TABLE 5.

MNT Recommendations

TopicRecommendationsEvidence Rating
Effectiveness of nutrition therapy• An individualized MNT program, preferably provided by a registered dietitian, is recommended for all people with type 1 or type 2 diabetes.A
• For people with type 1 diabetes and those with type 2 diabetes who are prescribed a flexible insulin therapy program, education on how to use carbohydrate counting and, in some cases, fat and protein gram estimation to determine mealtime insulin dosing can improve glycemic control.A
• For individuals whose daily insulin dosing is fixed, having a consistent pattern of carbohydrate intake with respect to time and amount can result in improved glycemic control and a reduced risk of hypoglycemia.B
• A simple and effective approach to glycemia and weight management emphasizing portion control and healthy food choices may be more helpful for those with type 2 diabetes who are not taking insulin, who have limited health literacy or numeracy, or who are elderly and prone to hypoglycemia.B
• Because diabetes nutrition therapy can result in cost savings B and improved outcomes (e.g., A1C reduction) A, MNT should be adequately reimbursed by insurance and other payers. EB, A, E
Energy balance• Modest weight loss achievable by the combination of reduction of caloric intake and lifestyle modification benefits overweight or obese adults with type 2 diabetes and also those with prediabetes. Intervention programs to facilitate this process are recommended.A
Eating patterns and macronutrient distribution• Because there is no single ideal dietary distribution of calories among carbohydrates, fats, and proteins for people with diabetes, macronutrient distribution should be individualized while keeping total caloric and metabolic goals in mind.E
• A variety of eating patterns are acceptable for the management of type 2 diabetes and prediabetes including the Mediterranean diet, DASH, and plant-based diets.B
• Carbohydrate intake from whole grains, vegetables, fruits, legumes, and dairy products, with an emphasis on foods higher in fiber and lower in glycemic load, should be advised over other sources, especially those containing sugars.B
• People with diabetes and those at risk should avoid sugar-sweetened beverages to control weight and reduce their risk for CVD and fatty liver disease B and should minimize their consumption of foods with added sugar that have the capacity to displace healthier, more nutrient-dense food choices. AB, A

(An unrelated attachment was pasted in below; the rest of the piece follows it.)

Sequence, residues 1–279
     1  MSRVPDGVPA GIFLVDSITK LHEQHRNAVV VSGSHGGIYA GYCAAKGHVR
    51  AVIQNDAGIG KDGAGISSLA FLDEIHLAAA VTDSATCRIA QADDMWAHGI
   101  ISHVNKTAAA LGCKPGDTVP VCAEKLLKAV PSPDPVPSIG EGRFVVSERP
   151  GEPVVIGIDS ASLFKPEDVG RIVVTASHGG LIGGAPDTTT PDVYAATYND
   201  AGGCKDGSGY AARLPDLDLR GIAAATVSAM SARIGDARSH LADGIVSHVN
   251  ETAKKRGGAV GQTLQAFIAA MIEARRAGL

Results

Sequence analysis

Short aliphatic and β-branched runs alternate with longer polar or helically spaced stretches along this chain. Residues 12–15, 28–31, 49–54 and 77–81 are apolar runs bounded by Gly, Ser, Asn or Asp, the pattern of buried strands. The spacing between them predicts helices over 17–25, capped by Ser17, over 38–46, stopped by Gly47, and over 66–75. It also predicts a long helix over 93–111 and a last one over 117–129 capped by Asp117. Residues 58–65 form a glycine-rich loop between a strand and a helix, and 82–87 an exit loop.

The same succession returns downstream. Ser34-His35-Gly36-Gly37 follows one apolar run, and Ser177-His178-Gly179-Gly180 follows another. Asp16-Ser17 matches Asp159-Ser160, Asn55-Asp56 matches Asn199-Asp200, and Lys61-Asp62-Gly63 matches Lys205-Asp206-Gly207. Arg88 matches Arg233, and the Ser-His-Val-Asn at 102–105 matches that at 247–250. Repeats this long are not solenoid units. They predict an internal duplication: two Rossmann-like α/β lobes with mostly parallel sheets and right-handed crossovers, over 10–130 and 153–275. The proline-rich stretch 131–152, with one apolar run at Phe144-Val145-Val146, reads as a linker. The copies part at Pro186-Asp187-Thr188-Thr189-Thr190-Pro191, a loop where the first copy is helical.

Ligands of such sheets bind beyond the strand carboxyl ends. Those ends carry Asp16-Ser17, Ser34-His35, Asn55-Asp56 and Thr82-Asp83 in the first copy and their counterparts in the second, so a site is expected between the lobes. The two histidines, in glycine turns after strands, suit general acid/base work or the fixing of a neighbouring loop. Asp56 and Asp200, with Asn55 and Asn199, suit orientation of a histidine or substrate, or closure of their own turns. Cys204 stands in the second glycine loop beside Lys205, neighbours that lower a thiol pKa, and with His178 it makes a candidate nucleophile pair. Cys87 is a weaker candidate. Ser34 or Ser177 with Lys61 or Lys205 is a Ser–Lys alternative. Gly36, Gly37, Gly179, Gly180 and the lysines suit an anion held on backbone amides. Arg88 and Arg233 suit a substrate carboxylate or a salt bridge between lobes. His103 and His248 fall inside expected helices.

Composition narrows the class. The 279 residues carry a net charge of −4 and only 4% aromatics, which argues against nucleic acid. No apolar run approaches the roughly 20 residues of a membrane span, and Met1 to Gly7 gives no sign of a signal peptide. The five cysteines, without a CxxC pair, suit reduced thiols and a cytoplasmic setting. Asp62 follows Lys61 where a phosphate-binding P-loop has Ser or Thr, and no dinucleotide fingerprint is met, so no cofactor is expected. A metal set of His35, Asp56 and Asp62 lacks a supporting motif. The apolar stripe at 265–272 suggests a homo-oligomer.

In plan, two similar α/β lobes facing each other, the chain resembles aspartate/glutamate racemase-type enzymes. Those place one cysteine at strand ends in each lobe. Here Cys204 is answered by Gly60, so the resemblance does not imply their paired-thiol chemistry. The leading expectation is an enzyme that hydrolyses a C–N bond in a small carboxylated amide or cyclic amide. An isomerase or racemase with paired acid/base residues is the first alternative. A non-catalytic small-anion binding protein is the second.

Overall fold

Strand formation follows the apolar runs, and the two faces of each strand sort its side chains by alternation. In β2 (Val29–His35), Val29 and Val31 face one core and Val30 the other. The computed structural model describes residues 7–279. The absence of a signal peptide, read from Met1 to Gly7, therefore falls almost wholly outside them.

Protein• In individuals with type 2 diabetes, ingested protein appears to increase insulin response without increasing plasma glucose concentrations. Therefore, carbohydrate sources high in protein should not be used to treat or prevent hypoglycemia.B
Dietary fat• Whereas data on the ideal total dietary fat content for people with diabetes are inconclusive, an eating plan emphasizing elements of a Mediterranean-style diet rich in monounsaturated fats may improve glucose metabolism and lower CVD risk and can be an effective alternative to a diet low in total fat but relatively high in carbohydrates.B
• Eating foods rich in long-chain ω-3 fatty acids, such as fatty fish (EPA and DHA) and nuts and seeds (ALA) is recommended to prevent or treat CVD B; however, evidence does not support a beneficial role for ω-3 dietary supplements. AB, A
Micronutrients and herbal supplements• There is no clear evidence that dietary supplementation with vitamins, minerals, herbs, or spices can improve outcomes in people with diabetes who do not have underlying deficiencies, and there may be safety concerns regarding the long-term use of antioxidant supplements such as vitamins E and C and carotene.C
Alcohol• Adults with diabetes who drink alcohol should do so in moderation (no more than one drink per day for adult women and no more than two drinks per day for adult men).C
• Alcohol consumption may place people with diabetes at increased risk for hypoglycemia, especially if they are taking insulin or insulin secretagogues. Education and awareness regarding the recognition and management of delayed hypoglycemia are warranted.B
Sodium• As for the general population, people with diabetes should limit sodium consumption to <2,300 mg/day, although further restriction may be indicated for those with both diabetes and hypertension.B
Nonnutritive Sweeteners• The use of nonnutritive sweeteners has the potential to reduce overall caloric and carbohydrate intake if substituted for caloric sweeteners and without compensation by intake of additional calories from other food sources. Nonnutritive sweeteners are generally safe to use within the defined acceptable daily intake levels.B